But in the end, many of the big power plants probably didn’t make as much money selling their banked allowances as they thought they would. In the early 2000s, there was some demand for allowances because all those smaller generators weren’t allocated quite enough allowances to cover their emissions. A power plant selling in the early 2000s could have made about $150 per allowance. If they were really smart (or lucky), they sold allowances in the mid-2000s. In these years, the Bush Administration was implementing the Clean Air Interstate Rule (CAIR), which allowed the use of ARP allowances and made them more valuable. From 2005 to 2007, allowances traded for an average of more than $600. (For price information see EPA's auction results.)
Then, in July 2008, the DC Circuit struck down CAIR in North Carolina v. EPA, and in November, President Obama was elected. The power plants and other market actors realized that the ARP allowance party was ending, and the value of allowances plummeted. In 2009, allowances sold for $62; in 2010, they sold for $36, and earlier this year, they were selling for $2. Talk about a burst bubble, or a market collapse… that’s what the end of the Acid Rain Program looked like.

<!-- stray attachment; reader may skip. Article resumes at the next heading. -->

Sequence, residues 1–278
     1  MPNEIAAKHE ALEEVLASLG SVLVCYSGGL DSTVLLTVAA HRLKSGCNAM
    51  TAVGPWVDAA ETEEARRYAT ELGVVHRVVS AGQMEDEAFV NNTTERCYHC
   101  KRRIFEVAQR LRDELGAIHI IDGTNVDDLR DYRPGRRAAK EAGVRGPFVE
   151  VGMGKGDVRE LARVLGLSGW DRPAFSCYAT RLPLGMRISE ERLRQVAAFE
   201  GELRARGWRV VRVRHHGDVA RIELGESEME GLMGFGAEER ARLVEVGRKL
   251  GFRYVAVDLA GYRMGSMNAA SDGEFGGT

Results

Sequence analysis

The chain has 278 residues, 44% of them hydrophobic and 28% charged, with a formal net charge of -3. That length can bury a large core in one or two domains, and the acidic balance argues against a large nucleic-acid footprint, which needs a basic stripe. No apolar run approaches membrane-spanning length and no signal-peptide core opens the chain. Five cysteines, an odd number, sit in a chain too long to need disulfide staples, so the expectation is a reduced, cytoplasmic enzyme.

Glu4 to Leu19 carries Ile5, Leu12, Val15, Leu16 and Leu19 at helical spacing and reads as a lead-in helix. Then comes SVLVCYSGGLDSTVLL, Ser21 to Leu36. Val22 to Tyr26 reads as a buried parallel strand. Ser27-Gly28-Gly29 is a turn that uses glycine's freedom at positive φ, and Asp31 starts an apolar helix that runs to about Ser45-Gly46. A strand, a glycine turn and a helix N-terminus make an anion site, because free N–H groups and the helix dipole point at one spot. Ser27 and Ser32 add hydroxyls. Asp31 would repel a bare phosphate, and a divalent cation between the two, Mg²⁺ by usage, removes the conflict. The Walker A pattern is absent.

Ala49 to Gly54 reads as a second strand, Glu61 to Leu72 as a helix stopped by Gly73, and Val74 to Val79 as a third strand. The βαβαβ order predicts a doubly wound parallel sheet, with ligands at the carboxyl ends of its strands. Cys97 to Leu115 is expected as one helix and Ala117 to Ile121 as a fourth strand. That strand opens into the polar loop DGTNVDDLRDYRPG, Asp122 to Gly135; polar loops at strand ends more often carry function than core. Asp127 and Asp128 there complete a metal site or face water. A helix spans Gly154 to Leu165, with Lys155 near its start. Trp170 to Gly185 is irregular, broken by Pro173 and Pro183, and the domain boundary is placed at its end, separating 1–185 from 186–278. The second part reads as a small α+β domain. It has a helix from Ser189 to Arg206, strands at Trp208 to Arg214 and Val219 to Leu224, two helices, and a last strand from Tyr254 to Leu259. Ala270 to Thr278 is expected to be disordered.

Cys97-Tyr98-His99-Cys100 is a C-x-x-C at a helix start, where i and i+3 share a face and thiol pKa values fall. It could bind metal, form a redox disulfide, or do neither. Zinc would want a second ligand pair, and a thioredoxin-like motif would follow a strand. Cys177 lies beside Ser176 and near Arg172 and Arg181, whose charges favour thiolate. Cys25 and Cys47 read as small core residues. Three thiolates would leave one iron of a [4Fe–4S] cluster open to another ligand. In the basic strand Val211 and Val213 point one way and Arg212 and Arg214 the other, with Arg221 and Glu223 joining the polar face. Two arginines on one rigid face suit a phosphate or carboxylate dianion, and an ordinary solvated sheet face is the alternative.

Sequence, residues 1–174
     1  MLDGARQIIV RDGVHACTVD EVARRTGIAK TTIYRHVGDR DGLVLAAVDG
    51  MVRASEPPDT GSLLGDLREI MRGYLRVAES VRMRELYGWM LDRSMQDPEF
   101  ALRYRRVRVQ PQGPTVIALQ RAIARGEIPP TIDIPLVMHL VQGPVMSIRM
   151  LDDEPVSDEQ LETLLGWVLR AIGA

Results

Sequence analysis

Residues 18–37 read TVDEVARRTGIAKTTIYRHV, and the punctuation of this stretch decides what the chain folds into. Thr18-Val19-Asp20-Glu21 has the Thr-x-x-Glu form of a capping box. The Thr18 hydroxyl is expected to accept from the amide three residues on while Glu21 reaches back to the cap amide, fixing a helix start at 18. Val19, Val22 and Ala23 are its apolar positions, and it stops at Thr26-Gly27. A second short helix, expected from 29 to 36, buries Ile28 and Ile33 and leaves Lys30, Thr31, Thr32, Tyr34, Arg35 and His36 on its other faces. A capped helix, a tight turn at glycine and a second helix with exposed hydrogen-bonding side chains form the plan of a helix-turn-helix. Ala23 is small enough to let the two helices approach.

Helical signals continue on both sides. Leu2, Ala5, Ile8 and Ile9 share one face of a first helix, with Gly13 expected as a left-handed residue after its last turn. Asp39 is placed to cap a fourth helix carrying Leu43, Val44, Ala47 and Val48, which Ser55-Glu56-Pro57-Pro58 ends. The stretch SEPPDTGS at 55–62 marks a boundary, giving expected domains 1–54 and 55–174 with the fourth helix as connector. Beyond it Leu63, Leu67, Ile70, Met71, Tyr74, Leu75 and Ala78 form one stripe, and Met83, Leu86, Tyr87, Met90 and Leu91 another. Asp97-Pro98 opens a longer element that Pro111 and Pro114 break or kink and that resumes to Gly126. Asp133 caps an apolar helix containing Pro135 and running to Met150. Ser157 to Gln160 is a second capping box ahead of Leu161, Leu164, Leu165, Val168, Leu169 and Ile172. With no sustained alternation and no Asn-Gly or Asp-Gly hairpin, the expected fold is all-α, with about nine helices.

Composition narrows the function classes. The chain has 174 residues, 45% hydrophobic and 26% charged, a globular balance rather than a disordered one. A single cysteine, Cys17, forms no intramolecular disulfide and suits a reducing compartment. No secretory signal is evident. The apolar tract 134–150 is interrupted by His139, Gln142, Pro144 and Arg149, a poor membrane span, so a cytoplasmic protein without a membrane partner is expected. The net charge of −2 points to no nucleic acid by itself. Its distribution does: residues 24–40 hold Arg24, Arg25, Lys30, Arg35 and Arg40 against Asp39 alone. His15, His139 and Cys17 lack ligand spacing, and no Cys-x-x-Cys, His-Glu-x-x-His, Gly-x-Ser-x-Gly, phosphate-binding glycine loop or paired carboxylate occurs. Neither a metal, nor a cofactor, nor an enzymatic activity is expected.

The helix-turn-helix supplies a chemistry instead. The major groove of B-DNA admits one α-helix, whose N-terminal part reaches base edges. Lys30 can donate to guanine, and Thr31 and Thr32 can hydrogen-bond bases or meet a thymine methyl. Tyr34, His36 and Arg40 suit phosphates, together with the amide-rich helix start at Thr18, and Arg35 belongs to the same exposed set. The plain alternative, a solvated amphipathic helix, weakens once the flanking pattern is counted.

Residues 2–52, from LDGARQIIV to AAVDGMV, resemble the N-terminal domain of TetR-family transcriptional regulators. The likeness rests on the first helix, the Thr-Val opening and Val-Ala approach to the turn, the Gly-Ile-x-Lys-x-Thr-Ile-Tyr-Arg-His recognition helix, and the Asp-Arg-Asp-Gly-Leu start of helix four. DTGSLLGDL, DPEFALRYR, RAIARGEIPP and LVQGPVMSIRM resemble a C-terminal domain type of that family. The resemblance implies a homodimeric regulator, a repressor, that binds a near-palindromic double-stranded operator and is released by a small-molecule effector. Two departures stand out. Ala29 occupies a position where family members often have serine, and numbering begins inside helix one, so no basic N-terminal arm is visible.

In great contrast to CAIR, the new Cross-State Air Pollution Rule does not allow the carryover of ARP allowances. Given that there were still more than twelve million tons-worth of banked allowances in 2009, this is a very good thing for the new rule’s stringency and for the environment. Although the size of the bank had decreased in the early and mid-2000s to about 6 million allowances, it grew again in the late 2000s as the program operated under the outdated and overly-lenient caps that had been set by Congress in 1990.
Kudos to the Obama EPA for putting the Acid Rain Program and its overallocated allowances to rest!
July 11, 2011
Taxing Carbon in the Outback
Australian Prime Minister Julia Gillard came out swinging during her recent announcement of a carbon tax plan for Australia, stating that "[n]o longer will the nations biggest polluters be able to pollute our atmosphere for free...Two decades of denial and delay will come to an end. Polluters will have to pay."
The tax will start at $24.60 U.S. per metric ton, and would rise by 2.5 percent a year until 2015. A carbon trading scheme would then begin operation. The goal of the plan is to reduce carbon emissions in Australia by 5 percent of 2000 levels by 2020 and by 80 percent of 2000 levels by 2050. The plan would also include a $10.7 billion U.S. investment over five years into renewable and other clean energy projects.